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Abhi Nemani

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Major props to +Nick Grossman +Jeremy Canfield +Alan Palazzolo +Karl Fogel +Andrew Hoppin +Andrew McLaughlin (and the other obligatory andrews) & Lauren Reid on the soft launch of the Civic Commons Marketplace! I'm convinced this will become an invaluable piece of the opengov infrastructure.

http://marketplace.civiccommons.org/

http://civiccommons.org/2011/12/civic-commons-marketplace-opens-for-business/
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Abhi Nemani

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Just heard about Hitch passing. Hurts. He was human in the fullest meaning of that word.
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So excited for +Andrew McLaughlin & +Nick Grossman -- great people to work with & good friends to have. Expect great things at Civic Commons & Tumblr.
Andrew McLaughlin originally shared:
 
Personal news: I've joined Tumblr, as VP, focusing on international, community, and other growth-related operations. I'm very psyched -- Tumblr's an amazing, innovative platform for creativity and expression around the world.

The other exciting announcement of the day is that the incredible Nick Grossman is taking the reins at Civic Commons. Between Nick, Karl Fogel, +Philip Ashlock, and +Abhi Nemani, Civic Commons has, pound-for-pound, one of the strongest teams I've ever had the great good fortune to work with. Details in the blog post below.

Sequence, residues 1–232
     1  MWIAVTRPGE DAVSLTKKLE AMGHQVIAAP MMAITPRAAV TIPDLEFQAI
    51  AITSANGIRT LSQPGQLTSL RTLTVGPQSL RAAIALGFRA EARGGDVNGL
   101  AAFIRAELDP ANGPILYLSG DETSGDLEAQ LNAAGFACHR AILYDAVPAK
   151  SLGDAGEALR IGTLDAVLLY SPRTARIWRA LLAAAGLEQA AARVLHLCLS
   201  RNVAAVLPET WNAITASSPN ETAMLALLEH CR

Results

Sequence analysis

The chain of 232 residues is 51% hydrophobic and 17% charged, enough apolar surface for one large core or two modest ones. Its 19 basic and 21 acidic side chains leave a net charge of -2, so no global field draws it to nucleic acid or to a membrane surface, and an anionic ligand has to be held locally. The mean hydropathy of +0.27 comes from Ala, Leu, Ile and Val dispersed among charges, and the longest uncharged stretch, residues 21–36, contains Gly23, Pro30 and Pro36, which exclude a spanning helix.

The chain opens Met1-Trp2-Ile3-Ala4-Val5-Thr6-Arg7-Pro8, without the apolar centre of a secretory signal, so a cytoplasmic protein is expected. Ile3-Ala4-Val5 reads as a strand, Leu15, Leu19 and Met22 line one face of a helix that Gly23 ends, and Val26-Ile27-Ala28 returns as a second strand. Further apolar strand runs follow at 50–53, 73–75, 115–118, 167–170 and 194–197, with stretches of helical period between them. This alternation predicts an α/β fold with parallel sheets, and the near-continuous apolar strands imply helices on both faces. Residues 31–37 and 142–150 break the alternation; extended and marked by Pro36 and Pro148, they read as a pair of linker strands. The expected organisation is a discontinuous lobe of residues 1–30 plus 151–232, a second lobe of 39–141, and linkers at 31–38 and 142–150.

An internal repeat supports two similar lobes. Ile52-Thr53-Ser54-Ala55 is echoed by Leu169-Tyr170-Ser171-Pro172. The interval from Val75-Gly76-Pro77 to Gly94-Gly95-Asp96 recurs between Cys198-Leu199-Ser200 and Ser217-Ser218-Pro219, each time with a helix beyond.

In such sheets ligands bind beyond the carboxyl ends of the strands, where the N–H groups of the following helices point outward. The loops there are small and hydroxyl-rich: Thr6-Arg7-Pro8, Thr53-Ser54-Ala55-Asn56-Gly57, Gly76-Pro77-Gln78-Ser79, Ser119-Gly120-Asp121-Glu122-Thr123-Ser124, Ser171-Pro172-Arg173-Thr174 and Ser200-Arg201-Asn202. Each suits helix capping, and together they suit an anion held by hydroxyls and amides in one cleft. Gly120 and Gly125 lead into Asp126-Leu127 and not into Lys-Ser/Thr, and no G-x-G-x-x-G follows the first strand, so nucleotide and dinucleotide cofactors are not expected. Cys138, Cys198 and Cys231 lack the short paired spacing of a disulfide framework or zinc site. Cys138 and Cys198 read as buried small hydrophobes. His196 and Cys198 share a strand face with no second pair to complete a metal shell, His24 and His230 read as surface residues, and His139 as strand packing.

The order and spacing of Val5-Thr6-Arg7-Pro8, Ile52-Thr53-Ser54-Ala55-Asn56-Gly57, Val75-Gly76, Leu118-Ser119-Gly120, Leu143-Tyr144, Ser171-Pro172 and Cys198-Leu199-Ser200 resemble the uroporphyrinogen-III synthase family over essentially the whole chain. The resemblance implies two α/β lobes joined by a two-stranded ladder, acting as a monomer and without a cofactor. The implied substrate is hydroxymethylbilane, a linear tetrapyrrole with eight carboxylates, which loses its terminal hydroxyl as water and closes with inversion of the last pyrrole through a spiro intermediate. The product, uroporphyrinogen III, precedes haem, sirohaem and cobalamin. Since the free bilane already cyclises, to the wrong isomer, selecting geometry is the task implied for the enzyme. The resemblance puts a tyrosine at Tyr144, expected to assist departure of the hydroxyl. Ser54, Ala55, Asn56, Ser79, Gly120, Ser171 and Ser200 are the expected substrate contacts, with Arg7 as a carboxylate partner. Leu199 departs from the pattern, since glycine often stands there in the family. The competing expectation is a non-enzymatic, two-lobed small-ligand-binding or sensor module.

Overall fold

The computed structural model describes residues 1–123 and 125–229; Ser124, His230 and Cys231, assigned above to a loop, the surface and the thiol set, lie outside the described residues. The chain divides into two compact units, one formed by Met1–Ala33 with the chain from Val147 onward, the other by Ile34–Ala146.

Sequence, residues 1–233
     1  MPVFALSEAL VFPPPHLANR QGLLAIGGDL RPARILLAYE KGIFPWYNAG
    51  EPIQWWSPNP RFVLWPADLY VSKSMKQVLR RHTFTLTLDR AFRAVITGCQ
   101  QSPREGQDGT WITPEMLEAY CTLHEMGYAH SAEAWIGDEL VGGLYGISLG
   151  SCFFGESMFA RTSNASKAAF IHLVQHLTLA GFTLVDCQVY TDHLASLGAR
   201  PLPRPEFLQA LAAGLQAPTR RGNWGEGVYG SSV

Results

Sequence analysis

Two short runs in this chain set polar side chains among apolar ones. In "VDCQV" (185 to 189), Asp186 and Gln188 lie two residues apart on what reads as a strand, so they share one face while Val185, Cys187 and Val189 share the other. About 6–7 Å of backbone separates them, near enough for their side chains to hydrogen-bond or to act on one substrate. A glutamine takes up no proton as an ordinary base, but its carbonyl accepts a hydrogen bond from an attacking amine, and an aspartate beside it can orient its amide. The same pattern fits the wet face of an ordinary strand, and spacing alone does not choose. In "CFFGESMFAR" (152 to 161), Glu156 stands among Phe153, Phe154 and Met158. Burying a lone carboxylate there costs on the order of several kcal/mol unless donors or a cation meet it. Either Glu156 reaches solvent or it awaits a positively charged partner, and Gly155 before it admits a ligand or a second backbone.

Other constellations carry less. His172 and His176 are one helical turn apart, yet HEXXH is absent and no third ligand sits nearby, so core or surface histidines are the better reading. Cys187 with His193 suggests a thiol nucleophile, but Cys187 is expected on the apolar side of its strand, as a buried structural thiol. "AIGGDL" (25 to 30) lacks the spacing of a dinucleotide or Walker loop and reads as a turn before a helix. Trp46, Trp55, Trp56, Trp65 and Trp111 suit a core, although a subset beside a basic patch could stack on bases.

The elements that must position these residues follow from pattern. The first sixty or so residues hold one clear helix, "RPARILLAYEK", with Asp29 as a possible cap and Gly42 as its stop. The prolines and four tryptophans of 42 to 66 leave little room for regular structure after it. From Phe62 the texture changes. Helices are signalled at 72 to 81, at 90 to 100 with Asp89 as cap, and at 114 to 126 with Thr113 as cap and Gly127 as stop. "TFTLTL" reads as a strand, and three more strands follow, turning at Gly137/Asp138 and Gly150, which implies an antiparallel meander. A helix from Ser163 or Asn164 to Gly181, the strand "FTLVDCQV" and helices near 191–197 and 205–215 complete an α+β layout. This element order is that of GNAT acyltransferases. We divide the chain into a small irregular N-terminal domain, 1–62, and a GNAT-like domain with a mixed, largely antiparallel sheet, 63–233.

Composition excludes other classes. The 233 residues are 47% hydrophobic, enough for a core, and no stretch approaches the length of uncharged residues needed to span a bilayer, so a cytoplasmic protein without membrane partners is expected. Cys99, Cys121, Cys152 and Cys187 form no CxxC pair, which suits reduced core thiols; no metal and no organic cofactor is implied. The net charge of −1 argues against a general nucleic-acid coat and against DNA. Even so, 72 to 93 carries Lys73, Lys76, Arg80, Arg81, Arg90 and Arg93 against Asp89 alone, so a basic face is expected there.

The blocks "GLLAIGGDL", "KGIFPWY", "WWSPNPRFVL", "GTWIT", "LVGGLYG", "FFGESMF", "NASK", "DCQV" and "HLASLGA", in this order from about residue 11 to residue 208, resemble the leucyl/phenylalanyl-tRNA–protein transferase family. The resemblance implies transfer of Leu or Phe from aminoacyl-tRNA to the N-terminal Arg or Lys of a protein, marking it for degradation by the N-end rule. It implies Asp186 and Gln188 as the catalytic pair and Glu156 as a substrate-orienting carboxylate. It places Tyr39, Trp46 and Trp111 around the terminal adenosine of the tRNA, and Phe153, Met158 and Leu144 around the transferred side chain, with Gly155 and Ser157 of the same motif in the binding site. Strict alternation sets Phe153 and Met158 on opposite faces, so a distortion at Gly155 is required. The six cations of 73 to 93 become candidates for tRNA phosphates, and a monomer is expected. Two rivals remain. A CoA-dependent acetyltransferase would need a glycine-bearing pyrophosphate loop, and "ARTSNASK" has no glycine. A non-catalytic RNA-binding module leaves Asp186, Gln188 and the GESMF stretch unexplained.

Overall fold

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Abhi Nemani

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I've been rendered irrelevant by technology #inevitable:

http://abhi.herokuapp.com/

Note: this post was updated because of my apparently pro-bono, neurotic copy editor, +Robin Pam :)
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Anytime ;-) Also, I forgot to mention that this is awesome.
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TechPresident's +Nick Judd picks up my earlier post about crisis tech use by NYC -- which I want to be clear, I thought they did overall a bang up job. In regards to my critique of the multiple, disconnected issue reporting systems, he presents a good counterpoint:

"A counterpoint to that is that the city never promised the CrowdMap would be a conversation; rather, the administration was nudged towards standing it up so intelligence about what was happening would be open and shared. There's no telling whether or not the city was going to knock down the real-world problems behind each of the dots that citizens put up."

This gets two broader points, I think, both of which I entirely agree with:

1) There will always be new tools stood up by citizens or other government departments without coordination with the relevant service providing platform (in this case 311) or at least without synchronization it; that's just the nature of technology in distributed systems.

2) Having more information as context for citizens in the midst of crisis is valuable and potentially can save them from venturing into dangerous or unsafe areas.

Both, however, underscore the need for common standards across reporting interfaces: data can and must be shared -- in crises more than ever. Open data standards and open APIs (like http://open311.org +Philip Ashlock ), enable systems to communicate with each other, ideally enabling data submitted to **any app* to be used by *every app.* Consider how you can tweet in TweetDeck and read replies in Hootsuite.

Let's get back to those two cases.